IN A BACK-TO-SCHOOL brief  “Stuck in Neutral?” released this week, the education-focused nonprofit San Joaquin A+ calls on districts in San Joaquin County to spend $109 million in federal and state pandemic funding on high-intensity tutoring and to prioritize social and emotional health and safety to support student learning.

The report also spares no words criticizing the governing board of the county’s largest district, Stockton Unified. It notes that two county grand juries have condemned the board for committing open-meeting violations, for “poor business practices, conflicts of interest, a lack of transparency, and budget shortfall of at least $30 million by 2024,” and for creating the conditions that have led to a revolving door of six superintendents in six years.  Without mentioning pivotal school board elections next month, the report says, “The leadership changes themselves are a window into the management crisis perpetuated by the (Stockton Unified) school board.”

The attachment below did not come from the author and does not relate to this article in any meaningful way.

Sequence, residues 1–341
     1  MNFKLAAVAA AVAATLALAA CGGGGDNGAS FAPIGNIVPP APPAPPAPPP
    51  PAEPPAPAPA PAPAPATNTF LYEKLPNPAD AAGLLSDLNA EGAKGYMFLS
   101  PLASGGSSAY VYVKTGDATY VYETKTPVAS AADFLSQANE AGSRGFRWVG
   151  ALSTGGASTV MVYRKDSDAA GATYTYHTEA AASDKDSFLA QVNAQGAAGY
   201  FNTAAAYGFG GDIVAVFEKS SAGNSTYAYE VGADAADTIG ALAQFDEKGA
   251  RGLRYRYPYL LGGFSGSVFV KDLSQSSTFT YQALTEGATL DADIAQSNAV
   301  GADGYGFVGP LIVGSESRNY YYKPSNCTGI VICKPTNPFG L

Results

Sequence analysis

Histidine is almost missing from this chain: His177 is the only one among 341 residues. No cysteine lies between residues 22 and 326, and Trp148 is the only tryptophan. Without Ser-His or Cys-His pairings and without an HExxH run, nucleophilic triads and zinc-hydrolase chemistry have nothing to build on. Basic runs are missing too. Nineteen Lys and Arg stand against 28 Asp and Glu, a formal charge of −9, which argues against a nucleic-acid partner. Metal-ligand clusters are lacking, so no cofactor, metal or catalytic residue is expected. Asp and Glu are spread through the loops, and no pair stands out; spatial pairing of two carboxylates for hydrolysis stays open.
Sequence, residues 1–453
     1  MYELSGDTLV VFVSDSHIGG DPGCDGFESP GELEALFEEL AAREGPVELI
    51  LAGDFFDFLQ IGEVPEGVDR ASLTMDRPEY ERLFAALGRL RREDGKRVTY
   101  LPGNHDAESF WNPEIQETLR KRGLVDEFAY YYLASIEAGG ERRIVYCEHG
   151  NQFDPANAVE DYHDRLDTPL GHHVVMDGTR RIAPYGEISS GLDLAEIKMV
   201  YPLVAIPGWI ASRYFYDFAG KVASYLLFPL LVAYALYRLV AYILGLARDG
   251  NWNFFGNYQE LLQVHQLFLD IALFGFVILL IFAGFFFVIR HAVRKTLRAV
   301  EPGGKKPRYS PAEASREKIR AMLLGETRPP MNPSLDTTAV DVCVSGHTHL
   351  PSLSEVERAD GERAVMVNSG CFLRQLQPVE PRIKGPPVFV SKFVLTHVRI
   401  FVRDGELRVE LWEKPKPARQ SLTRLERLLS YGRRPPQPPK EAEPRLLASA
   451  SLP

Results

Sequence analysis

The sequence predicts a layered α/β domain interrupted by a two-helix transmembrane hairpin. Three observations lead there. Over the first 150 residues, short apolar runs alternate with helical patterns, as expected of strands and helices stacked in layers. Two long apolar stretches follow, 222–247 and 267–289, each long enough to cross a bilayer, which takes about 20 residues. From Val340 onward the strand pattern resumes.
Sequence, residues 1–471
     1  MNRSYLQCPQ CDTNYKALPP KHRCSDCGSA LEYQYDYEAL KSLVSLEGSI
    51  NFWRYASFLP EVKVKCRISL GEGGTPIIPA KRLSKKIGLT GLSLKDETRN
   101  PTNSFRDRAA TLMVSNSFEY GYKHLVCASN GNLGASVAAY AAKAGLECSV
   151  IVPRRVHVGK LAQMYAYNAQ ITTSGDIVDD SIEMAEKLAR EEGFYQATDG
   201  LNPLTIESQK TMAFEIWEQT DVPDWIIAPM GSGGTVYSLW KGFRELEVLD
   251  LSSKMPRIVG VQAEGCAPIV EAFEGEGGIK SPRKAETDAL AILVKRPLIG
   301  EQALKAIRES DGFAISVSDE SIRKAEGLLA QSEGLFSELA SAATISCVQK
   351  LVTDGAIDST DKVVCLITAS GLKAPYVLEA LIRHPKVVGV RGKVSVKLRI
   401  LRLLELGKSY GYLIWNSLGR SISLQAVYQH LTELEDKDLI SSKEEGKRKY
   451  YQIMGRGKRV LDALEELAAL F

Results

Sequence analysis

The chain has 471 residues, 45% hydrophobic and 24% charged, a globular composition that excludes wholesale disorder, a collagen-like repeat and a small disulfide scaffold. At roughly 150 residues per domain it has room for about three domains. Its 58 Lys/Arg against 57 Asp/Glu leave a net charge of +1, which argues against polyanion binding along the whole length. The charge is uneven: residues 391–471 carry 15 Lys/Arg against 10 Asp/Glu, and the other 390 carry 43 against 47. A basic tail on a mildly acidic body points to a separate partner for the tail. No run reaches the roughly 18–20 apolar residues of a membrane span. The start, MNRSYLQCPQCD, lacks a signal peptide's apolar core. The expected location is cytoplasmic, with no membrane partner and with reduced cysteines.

Pointing to “pockets of progress,” San Joaquin A+ praises Lodi Unified’s successful investment of COVID relief funding on early literacy programs and a decision to send 250 high school students to the University of the Pacific’s residential summer camp, as well as San Joaquin County’s creation of an early college program TEACH! Academy. It  enables high school students to pursue an associate’s degree in education.

The report also points to the $4.6 million awarded to a coalition to establish the San Joaquin County Child Savings Account, setting up $750 college savings accounts for families with 3- and 4-year-olds. And it cited Stockton’s city government purchase of 1,550 Chromebooks with hotspots  and 500 data-enabled tablets, equipped with three years of prepaid internet access, to address the 36 percent of Stockton households without reliable internet access and the 8 percent without a computer.

These are among the efforts to get schools and children “out of neutral” from the effects of the pandemic, the report said. The full report is available online.

This story originally appeared in EdSource.